Docker Containers and MSA for portable and productive Workloads

We have been talking about virtualization technique and tools for quite a long time now to establish the much-demanded software portability. The inhibiting dependency factor between software and hardware gets decimated with the leverage of virtualization, a kind of beneficial abstraction, through an additional layer of indirection. The idea is to run any software on any hardware. This is by creating multiple virtual machines (VMs) out of a single physical server, and each VM has its own operating system (OS). Through this isolation enacted through automated tools and controlled resource sharing, heterogeneous applications are being accommodated in a physical machine.

There are other noteworthy virtualization induced benefits such as physical infrastructures are being transitioned and exposed as a dynamic collection of software-defined virtual infrastructures. For long, IT infrastructure has been closed, inflexible and sometimes monolithic.  And now with virtualization, IT infrastructures become open, programmable, remotely monitorable, manageable, and maintainable.  Business workloads can be hosted in appropriately sized virtual machines and delivered to the outside world ensuring broader and higher utilization. On the other side, for high-performance applications, virtual machines across multiple physical machines can be readily identified and rapidly combined to guarantee any kind of high-performance needs.

Thus there is no iota of doubt in emphatically stating that virtual machines (VMs) are the most adaptive, network-accessible, application-aware, and fully isolated building-block for next-generation IT.  This movement is being supported with the consistent maturity and stability of an array of tools for enabling centralised and cognitive tracking and management of even geographically distributed VMs.  With the availability of advanced algorithms and techniques for automated capacity planning, enhanced reliability and higher availability for ensuring the business continuity (BC) and the auto-scaling needs, the era is virtualization has solidly settled for the increasingly connected and IT-enabled world.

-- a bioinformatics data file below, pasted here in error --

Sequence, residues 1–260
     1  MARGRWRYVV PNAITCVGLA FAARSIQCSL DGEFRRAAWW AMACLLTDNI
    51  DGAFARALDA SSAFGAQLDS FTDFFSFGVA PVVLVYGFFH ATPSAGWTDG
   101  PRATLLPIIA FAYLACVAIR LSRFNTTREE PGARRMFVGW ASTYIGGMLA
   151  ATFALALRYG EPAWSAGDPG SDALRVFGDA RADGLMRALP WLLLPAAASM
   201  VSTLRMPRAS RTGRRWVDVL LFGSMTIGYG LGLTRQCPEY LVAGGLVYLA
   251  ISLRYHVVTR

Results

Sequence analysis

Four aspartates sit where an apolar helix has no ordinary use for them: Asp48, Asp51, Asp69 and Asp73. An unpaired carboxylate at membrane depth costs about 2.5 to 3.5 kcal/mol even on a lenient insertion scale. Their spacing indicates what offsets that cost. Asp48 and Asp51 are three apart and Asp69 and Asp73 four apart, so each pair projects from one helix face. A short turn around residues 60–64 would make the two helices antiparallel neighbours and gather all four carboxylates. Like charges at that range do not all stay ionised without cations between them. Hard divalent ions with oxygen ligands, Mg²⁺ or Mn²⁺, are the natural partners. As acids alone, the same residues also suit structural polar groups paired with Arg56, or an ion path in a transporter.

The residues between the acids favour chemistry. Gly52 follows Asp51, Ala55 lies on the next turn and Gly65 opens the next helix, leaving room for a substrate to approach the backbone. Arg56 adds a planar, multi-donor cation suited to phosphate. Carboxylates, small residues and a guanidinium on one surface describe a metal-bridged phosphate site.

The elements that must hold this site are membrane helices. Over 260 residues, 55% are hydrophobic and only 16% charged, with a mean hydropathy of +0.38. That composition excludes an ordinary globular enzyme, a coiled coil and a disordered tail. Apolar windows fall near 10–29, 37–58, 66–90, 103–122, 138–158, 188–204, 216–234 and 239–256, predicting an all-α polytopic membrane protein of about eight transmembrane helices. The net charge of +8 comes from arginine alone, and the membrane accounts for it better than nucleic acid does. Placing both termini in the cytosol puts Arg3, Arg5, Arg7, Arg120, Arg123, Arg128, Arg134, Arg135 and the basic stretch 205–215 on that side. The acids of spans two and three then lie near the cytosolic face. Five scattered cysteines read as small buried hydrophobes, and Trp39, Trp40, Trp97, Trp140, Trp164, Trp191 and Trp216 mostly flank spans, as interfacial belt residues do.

However virtualization has its own drawbacks. Because of the verbosity and bloatedness (every VM carries its own operating system), VM provisioning typically takes some minutes, the performance goes down due to the excessive usage of compute resources, etc. Further on, the much-published portability need is not fully met by virtualization.  The hypervisor software from different vendors comes in the way of ensuring the application portability. The OS and application distribution, version, edition, patch differences hinder the smooth portability. The compute virtualization flourished whereas the other closely associated network and storage virtualization concepts are just taking off.  Building distributed applications through VM interactions invites and involves some practical difficulties.